Yellow, Turning Green



I support Councilmember Mike O’Brien and the effort to reduce unwanted phone books and the resultant bulky waste. And I want our effort – the first in the nation – to be both effective and successful. By working together this past week, we’ve achieved both of these goals with this revised legislation.

The ordinance will only be imposed upon those who distribute the greatest amount of unsolicited waste and it defines “distribution” as the unsolicited delivery of more than four tons of directories annually. Membership organizations delivering to their members are exempted.

A definition for the term “membership organization” has been added, which encompasses groups like the Greater Seattle Business Association and other neighborhood organizations. The legislation also defines “distributor,” which eliminates conjecture about the workers driving the delivery vans.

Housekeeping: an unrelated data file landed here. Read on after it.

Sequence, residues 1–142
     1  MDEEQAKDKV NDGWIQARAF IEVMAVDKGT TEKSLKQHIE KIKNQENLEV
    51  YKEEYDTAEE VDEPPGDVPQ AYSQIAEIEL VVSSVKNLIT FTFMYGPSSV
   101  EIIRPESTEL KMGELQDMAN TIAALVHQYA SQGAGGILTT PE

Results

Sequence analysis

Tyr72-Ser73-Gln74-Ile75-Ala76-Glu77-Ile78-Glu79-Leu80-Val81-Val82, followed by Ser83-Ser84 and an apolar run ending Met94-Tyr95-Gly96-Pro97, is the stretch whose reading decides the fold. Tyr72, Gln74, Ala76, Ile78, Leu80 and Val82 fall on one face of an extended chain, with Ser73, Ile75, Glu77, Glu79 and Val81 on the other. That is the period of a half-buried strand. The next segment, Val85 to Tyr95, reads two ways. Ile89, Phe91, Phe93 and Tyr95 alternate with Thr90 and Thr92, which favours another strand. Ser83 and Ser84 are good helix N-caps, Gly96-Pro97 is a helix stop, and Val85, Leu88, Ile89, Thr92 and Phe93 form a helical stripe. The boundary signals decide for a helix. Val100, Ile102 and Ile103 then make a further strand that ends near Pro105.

Our efforts this past week have made significant gains in community support, and with the ordinance, we’ll be relieving one of the larger burdens on the City’s solid waste disposal system.

It’s with a wry smile that I read today about Frito Lay’s decision to discontinue the biodegradable Sun Chips bag. After a short eighteen month lifespan, the snack food giant is killing off the bag over excessive noise complaints from consumers.

I’m not one to glean life lessons or take bold direction from anything edible, be it tea leaves or potato chips. But there’s a parallel here – it’s about making sure that when we craft something, be it legislation or something as mundane as a chip bag, it’s better to craft it right rather than craft it right now.

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